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Entrepreneur Tips for a PCS

by Jenny Hale - September 20th, 2021

Entrepreneur Tips for a PCS

As a military spouse interested in entrepreneurship or building a business already, PCS orders can make your heart sink. Any move can.

I moved six times to four states in less than two years to pursue a civilian career with the military, but I had one thing really holding me back from embracing my new jobs. I was an entrepreneur, and it was a localized business, not one I could just pick up and bring with me.

Keeping your entrepreneurial spirit alive

So, at every move, I started over. Only to realize I was moving…again…a few months later. It was a very frustrating time for me, but I was able to build a clientele at almost every move. I increased marketing efforts to advertise my business and started building a network of leads, customers, and referrals in a short period of time. Now, I teach the military community to use these same strategies every time they PCS to increase leads, sales, and followers.

The best part is that you don’t have to pay for these marketing strategies and instead, you can use relationships, word-of-mouth, and social media to foster leads in a matter of weeks. Here were some of the ways I built a foundation at every new move without paying for advertising:


When you first move to an area, or as soon as you get your orders, begin researching the top bloggers located in the area. Look up local businesses that are complimentary to yours. Find newbie business owners in the area, as smaller and newer businesses may be more open to teaming up. Begin reaching out to those you could potentially collaborate with. It could be as simple as giving them business cards to put on their counter, offering to swap services, or sharing each other’s social media statuses. Either way, you want to build as many relationships as you can. Offer value to businesses in the area that may be able to send referrals your way in the future.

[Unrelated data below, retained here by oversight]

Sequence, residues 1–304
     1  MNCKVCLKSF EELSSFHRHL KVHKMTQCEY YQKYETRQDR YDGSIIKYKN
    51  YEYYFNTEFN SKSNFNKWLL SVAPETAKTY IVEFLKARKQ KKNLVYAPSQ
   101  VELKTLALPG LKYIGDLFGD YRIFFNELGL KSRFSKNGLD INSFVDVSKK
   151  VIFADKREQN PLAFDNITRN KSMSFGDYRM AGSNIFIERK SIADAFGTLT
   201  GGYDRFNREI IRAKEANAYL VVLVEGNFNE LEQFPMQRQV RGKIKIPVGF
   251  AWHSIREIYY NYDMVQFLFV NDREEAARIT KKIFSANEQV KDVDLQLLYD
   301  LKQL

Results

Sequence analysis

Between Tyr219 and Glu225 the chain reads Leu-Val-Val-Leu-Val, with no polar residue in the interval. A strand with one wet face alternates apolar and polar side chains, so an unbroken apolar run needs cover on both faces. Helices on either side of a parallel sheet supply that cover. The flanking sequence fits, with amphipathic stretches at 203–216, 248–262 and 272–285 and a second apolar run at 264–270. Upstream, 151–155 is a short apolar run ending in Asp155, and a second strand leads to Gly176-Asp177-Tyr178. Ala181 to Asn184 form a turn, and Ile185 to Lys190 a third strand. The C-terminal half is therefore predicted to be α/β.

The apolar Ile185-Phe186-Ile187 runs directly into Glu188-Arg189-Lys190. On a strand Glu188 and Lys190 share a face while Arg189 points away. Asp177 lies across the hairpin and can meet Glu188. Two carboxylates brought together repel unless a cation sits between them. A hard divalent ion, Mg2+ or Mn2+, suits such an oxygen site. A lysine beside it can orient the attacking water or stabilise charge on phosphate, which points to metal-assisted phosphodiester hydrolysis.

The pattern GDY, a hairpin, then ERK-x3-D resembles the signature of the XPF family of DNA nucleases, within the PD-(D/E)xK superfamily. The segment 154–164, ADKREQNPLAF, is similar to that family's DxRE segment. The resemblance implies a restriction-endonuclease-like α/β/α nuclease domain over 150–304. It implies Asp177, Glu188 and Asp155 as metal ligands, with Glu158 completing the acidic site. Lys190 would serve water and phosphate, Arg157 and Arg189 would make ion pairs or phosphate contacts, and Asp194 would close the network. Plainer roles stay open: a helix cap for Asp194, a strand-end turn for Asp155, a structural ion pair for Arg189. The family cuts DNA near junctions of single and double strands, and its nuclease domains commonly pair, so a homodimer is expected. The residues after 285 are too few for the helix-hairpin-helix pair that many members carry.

When I first moved, I found a list of business owners complimentary to my business and reached out for referrals. As a photographer at the time (now military marketing consultant), I offered one business owner stock images for her website, and she leveraged her social media and word-of-mouth audience to send referrals to me from the wedding clients she was catering for. It was a win-win!

See if the locals in your new area would be willing to join you for a social media contest, an in-person event, a referral program, putting your business card in customer bags, and more! It never hurts to build a relationship and then ask!

Social media

With social media, it’s important to make sure your pages are searchable in the new area. This is important for search engine optimization. Your About page and locations need to be updated so you can begin to show up in local searches.

Use social media to begin gaining new followers in the region you are heading to through hashtags and participation in Facebook groups local to the area. Tailor your content to appeal to those in the new city. Make sure your current audience is aware of the move, especially if it affects your services. Put a plan in place to gain current customer reviews. Ask for referrals/connections in the new area, and inform clients of any service changes during the move.

Stay consistent on social media throughout your transition to a new area and continue to use content and hashtags that would attract audiences from your future home.


When you first move to an area, go to as many in-person events as you can. Check out Meet Up events, local networking groups, and local professional groups. Meeting individuals in-person can help you spark referrals faster, gain additional clients, and open opportunities to collaborate more.

Before moving, begin the networking process online through Facebook, Twitter, Instagram, and LinkedIn. Build as many connections as you can before leaving so you can have people to reach out to when you arrive. Remember that networking is all about building relationships. Your goal is not to pitch and sell to these people but make them aware of your business so they can provide you with referrals in the future.

When you’re proactive about building your business before moving and establishing those connections upon arrival, you will position yourself to grow and expand in a new area faster. Whether you’re a national company or local, you can use these strategies to survive PCSing. I’ve been able to move again and again while never losing my passion for entrepreneurship.

Jenny Hale

Jenny Hale, The Military Social Media Guru, is a civilian working with the military at Fort Knox. She spends her free time traveling and exploring the south and mid-west. After moving six times to four states in two years, Fort Knox is the longest location Jenny where has stayed, falling in love with the community and activities available in the area.